Was I disappointed? Initially yes, but I haven't bothered to search since, and it hasn't been on my list of priorities. Is it worth upgrading your notebook's display for more resolution? Do older notebooks qualify? What if you're looking for an IPS display? Several online vendors today offer notebook LCD screen replacements, but before you grab for your wallet, it's worth getting familiar with the pros and cons of such an undertaking.
Working with a monitor on a desktop is so much easier, you simply grab another one, or send it away for repairs. Unfortunately, you can't really do that when dealing with a notebook. Sending the display in means sending your whole notebook in, and finding replacements for end users to swap themselves requires some serious homework.
You may also be a position where you need to use your notebook outdoors. Sunlight readable displays do exist and there are notebooks available that ship with such screens. Can you install one in your notebook? That depends on a lot of things. Likewise, you may be annoyed with your glossy display indoors reflecting off your lights/windows and prefer to have a matte screen instead.
More common is the issue of displays dimming over time as a result of the CCFL backlight slowly wearing out. Newer LED displays eliminate this characteristic, but many notebooks shipped with conventional CCFL displays will need to get replacements once the backlight is no longer adequate. Fortunately, these replacements are rather simple to do, as manufacturers will stock replacement inventory for such repairs.
With that said, it may in fact be possible to upgrade a CCFL display to one that uses a LED backlight. Some notebooks do ship with both options, and getting a replacement from the manufacturer who makes such a unit is worth a look. Once done, you'll not only eliminate the issue of having your display's brightness wear out over time, but you may even see an increase in your unplugged times away from an outlet!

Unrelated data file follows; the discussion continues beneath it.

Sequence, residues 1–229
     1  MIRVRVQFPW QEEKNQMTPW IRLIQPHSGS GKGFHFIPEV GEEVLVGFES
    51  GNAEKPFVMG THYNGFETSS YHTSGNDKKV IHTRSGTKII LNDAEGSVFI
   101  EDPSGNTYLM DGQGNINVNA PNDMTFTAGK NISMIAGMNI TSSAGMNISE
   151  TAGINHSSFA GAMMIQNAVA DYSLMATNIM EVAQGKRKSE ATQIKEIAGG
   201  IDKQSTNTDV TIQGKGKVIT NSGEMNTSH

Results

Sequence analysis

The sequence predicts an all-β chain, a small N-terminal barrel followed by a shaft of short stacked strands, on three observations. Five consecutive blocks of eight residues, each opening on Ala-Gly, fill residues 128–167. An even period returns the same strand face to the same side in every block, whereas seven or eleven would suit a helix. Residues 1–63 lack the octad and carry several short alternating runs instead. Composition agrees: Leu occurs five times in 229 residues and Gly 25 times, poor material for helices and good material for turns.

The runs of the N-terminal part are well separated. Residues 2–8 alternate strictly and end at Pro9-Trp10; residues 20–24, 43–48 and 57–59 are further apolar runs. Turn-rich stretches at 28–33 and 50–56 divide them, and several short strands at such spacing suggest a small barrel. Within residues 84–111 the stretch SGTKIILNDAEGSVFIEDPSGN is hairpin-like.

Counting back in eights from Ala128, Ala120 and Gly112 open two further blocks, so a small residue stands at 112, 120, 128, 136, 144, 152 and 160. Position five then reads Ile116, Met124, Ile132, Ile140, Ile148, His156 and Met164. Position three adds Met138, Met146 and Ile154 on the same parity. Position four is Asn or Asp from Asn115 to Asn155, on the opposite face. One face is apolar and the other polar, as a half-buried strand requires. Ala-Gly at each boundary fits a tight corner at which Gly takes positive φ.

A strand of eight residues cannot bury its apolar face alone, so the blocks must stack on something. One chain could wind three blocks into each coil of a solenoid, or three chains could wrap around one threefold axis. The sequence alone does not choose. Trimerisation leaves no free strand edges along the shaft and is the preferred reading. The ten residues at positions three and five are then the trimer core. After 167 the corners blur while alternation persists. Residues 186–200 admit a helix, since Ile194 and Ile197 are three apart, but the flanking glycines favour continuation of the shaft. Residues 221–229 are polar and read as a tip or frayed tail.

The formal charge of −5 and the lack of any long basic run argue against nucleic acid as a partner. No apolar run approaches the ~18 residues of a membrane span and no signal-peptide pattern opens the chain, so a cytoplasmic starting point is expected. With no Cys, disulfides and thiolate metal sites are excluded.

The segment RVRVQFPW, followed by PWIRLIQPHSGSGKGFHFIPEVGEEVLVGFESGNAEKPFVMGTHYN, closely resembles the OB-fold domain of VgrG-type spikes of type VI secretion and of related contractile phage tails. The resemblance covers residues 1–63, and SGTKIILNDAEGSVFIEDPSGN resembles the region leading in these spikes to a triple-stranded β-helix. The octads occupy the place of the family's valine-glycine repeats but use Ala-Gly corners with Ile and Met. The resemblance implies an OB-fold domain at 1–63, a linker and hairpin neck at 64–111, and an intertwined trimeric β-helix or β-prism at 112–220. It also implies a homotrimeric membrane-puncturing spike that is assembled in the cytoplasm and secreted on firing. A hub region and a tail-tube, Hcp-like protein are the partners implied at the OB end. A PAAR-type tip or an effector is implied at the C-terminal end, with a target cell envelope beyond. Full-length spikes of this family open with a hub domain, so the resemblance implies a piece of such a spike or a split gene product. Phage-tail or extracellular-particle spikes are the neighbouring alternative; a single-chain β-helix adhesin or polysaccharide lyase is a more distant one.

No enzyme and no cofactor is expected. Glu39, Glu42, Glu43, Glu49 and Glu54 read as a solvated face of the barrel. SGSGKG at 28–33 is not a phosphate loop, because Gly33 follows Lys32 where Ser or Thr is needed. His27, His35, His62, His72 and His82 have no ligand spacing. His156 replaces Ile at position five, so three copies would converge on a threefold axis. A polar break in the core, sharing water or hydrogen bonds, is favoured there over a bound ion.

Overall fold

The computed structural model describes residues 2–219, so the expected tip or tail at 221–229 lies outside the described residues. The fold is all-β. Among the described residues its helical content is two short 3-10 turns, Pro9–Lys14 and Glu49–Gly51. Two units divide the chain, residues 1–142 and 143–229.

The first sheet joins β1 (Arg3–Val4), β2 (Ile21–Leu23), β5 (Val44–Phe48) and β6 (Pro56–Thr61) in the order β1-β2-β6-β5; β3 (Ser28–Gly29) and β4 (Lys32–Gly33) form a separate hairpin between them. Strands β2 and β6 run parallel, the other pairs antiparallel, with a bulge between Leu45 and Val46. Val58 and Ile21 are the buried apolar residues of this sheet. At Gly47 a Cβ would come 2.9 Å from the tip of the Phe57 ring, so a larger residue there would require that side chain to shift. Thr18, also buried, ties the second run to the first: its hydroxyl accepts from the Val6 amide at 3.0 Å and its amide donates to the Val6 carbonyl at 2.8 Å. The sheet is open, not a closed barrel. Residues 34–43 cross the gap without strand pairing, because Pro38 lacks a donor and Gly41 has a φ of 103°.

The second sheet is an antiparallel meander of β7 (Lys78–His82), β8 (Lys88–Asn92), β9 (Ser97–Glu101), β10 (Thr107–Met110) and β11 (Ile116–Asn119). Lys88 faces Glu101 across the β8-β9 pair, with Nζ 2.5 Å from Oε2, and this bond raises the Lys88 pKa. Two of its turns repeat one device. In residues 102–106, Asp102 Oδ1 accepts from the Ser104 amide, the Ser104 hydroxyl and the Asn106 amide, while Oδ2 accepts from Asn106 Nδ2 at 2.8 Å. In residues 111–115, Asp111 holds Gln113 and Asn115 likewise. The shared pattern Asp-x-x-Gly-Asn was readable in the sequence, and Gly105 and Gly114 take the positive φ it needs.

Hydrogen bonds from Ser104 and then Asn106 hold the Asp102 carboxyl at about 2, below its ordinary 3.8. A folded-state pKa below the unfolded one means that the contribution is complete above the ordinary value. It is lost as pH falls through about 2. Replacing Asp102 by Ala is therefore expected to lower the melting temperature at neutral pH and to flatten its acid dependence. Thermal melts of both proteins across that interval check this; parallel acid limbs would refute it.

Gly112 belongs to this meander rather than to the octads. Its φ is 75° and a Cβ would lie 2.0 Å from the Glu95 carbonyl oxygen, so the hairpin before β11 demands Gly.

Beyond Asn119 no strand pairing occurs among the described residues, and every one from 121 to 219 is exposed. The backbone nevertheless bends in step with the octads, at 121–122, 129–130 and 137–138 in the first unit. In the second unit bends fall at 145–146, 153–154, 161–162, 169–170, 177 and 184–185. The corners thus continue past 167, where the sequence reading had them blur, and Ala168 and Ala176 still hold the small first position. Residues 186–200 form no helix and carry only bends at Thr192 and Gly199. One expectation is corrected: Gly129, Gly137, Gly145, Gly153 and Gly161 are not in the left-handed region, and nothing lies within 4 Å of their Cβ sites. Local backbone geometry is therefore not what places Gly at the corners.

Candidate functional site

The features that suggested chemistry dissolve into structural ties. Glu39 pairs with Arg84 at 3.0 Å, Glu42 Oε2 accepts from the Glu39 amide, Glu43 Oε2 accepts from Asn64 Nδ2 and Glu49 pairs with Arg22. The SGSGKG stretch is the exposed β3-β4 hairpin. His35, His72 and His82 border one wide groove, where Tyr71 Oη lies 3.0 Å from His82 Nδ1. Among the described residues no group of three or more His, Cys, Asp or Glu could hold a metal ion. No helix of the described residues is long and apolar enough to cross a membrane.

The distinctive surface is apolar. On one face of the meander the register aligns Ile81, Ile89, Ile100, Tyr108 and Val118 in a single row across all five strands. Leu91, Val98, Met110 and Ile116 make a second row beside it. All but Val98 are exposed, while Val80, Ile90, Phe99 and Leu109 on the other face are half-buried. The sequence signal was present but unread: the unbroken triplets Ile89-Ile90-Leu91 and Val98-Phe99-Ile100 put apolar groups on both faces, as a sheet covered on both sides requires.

|Just some minor cosmetic damage...|
THE QUEST FOR MORE RESOLUTION:
Those used to working with a desktop will understand the benefits behind bigger screens with more screen real-estate. Engineers and graphics artists that work with detailed images or require single-pixel accuracy generally prefer a high-resolution screen in order to show finer details and more information than a smaller screen allows.
Many notebook vendors offer the ability to choose between different display resolutions when purchasing a notebook, which is great for the consumer - I always make it a habit to get notebooks with the highest option available for screen resolution, or look elsewhere at another model. But it is also possible to upgrade an existing display to one that offer a higher resolution. Chances are good if the manufacturer had it available as an option, you should be able to get that higher res screen as a replacement part for your notebook.